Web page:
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What is Apple silicon? Mac computer transition to iPhone chips explained

November 10 media event is expected to debut MacBooks with new in-house processors already being used by iPhones

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Apple's fourth media event of the year will take place online on November 10. It comes just a few weeks after the launch of the iPhone 12, and is expected to reveal the first Mac computers powered by Apple's new in-house processors.

Referred to as Apple silicon, the chips powering these Macs are expected to be closely related to the new A14 Bionic chip used by the iPhone 12 and iPad Air.

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This shift to its own chips is a big deal for the Mac computer family. In fact, it is only the third time Apple has changed its chip supplier in the Mac's history, having moved from Motorola to PowerPC in 1994, and then to Intel in 2006.

Although named after the company itself, the new Apple silicon chips will be designed by UK technology firm Arm, which is in the process of being acquired by Nvidia for $40B. All models of iPhone, iPad and Apple Watch use chips designed by Arm.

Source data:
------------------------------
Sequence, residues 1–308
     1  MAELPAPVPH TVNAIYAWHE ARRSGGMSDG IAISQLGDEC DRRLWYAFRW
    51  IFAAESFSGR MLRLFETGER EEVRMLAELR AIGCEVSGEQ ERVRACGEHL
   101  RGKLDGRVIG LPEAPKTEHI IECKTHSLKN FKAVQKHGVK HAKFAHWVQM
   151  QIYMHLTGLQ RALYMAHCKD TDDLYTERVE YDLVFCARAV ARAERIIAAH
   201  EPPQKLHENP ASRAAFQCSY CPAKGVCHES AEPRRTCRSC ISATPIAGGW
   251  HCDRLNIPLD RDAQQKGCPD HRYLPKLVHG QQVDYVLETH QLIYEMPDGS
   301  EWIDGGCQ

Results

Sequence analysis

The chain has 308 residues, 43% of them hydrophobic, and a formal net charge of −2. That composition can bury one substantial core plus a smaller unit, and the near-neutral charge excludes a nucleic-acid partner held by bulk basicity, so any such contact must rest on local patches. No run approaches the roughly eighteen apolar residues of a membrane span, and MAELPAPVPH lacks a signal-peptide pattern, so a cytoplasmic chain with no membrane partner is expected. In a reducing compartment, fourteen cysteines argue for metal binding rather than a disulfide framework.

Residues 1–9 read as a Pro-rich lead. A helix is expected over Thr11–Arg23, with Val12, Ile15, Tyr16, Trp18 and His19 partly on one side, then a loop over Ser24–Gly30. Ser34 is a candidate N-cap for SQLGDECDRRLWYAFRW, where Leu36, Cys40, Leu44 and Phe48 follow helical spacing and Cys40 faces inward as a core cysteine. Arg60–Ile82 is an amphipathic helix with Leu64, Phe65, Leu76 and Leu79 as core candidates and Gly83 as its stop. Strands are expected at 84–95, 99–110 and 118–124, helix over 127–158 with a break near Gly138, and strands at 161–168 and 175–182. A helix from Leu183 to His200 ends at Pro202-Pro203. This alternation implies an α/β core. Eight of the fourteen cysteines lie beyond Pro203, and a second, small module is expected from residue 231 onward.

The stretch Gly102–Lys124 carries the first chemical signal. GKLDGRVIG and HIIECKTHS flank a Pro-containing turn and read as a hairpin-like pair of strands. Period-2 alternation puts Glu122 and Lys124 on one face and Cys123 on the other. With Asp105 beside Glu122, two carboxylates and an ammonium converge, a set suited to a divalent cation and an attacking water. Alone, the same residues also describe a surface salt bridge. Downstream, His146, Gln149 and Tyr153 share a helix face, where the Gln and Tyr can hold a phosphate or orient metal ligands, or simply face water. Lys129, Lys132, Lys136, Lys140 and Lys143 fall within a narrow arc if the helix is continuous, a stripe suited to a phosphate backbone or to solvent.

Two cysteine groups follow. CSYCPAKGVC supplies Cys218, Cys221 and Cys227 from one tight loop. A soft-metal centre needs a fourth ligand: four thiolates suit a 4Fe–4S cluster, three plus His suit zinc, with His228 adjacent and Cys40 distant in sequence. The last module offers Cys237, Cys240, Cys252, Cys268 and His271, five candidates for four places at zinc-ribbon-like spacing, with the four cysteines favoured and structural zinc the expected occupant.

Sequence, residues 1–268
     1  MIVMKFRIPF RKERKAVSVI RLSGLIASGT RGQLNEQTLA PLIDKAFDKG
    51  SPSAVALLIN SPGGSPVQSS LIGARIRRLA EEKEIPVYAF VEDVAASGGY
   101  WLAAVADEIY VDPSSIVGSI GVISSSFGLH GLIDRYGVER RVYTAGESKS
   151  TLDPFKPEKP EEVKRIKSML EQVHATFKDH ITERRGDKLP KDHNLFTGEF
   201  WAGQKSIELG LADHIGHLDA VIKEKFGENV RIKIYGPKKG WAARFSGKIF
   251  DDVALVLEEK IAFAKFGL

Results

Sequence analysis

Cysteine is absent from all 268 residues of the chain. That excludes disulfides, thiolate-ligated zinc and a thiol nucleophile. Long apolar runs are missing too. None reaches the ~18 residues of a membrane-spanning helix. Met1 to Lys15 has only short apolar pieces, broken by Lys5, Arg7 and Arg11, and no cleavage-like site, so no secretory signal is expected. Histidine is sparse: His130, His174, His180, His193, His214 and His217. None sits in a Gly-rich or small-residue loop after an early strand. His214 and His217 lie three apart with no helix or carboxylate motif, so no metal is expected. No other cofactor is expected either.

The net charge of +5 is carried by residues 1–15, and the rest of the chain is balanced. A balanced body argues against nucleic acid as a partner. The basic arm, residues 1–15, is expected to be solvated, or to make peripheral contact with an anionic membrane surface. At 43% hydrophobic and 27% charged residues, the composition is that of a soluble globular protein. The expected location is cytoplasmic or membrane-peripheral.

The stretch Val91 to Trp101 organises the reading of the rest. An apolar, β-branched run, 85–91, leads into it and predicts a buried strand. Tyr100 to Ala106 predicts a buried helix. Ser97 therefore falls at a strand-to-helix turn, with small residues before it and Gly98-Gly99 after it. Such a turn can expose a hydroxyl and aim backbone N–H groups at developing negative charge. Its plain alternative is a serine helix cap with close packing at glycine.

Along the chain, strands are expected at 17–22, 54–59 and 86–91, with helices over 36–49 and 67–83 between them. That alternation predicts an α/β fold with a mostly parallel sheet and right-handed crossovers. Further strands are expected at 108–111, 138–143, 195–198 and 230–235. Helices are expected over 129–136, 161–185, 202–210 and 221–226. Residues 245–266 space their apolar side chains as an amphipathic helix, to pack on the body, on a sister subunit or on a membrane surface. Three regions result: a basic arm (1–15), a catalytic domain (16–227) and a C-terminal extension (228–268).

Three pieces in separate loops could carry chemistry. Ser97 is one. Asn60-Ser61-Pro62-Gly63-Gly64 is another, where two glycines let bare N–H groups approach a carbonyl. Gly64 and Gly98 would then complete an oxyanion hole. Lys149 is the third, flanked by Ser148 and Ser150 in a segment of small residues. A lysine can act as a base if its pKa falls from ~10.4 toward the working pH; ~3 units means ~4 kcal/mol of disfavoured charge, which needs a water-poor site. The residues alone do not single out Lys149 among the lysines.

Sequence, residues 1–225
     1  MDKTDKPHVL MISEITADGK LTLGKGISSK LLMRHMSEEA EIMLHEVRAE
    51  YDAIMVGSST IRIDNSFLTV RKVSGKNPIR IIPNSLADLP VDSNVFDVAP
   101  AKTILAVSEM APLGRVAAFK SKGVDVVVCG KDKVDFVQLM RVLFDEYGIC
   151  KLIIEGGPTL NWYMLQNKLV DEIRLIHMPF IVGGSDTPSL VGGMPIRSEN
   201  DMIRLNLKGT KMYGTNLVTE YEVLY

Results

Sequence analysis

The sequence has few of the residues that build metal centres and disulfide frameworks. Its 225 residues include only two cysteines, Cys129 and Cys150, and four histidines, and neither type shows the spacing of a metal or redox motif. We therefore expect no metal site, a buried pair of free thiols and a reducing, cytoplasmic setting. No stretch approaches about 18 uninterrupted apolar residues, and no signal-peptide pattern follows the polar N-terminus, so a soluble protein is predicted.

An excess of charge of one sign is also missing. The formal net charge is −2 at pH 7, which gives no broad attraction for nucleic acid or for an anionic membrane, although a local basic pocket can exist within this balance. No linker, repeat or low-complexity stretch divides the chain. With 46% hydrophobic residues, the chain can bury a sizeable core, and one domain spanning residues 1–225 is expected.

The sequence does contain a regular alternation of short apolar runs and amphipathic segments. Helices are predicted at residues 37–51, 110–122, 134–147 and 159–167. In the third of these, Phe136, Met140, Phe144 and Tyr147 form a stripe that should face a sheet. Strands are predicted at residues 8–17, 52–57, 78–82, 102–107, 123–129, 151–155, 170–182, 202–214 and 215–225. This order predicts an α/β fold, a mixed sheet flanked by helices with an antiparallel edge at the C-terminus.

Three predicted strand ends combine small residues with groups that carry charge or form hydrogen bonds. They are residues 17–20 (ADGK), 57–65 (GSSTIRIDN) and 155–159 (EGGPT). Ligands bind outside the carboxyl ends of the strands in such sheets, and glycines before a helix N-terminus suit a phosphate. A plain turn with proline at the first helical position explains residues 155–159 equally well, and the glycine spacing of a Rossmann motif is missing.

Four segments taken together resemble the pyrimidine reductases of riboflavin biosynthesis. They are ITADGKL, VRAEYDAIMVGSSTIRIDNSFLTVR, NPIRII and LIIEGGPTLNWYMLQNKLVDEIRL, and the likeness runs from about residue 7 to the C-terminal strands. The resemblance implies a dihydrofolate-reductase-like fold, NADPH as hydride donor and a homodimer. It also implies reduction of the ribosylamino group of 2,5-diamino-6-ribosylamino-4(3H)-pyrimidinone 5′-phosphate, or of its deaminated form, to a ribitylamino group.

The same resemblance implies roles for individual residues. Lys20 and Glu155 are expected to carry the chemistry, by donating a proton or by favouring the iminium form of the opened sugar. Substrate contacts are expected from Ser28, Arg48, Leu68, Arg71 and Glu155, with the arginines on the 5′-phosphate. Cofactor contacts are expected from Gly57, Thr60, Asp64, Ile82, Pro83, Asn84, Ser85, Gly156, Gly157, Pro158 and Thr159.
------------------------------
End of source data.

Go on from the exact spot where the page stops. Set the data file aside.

When will the first Apple silicon-powered Macs arrive?

Announced by Apple at its WWDC event in June 2020, the transition from Intel to Apple silicon is expected to take two years, the company says. Although it hasn't said which Macs will make the leap first, it has been reported this week that the November 10 event will see a new Apple silicon-powered MacBook Air and MacBook Pro.

According to Bloomberg, these will include 13-inch versions of the Air and Pro, and a 16-inch version of the Pro. The external design of these laptops is not expected to change, so they'll look the same as the current lineup, but with Apple silicon inside.

When talking of Apple silicon, we are referring to the company's upcoming, in-house SoC, which stands for System on Chip, an all-in-one processor design already used by iPhones and iPads.

MacBook AirA MacBook Air with Apple Silicon is expected November 10Apple

Changing the processor and the architecture on which a computer runs is a big deal. As such, application developers have had since the summer of 2020 to modify their products to work with the new Mac chips. To do this, they were invited to buy a Mac Mini running on an A12Z Bionic chip, as used by the iPad Pro. Despite this, Apple isn't expected to announce Apple silicon versions of the Mac Mini, or the iMac and Mac Pro, until 2021.

The launch of the first Apple silicon Macs will likely tie in neatly with the public release of macOS Big Sur, the operating system that was announced in June and has been in development ever since. Also a big jump for Apple, the company refers to Big Sur as macOS 11, replacing OS 10, which Apple has gradually updated for almost two decades, since 2001.

What are the benefits of Apple silicon?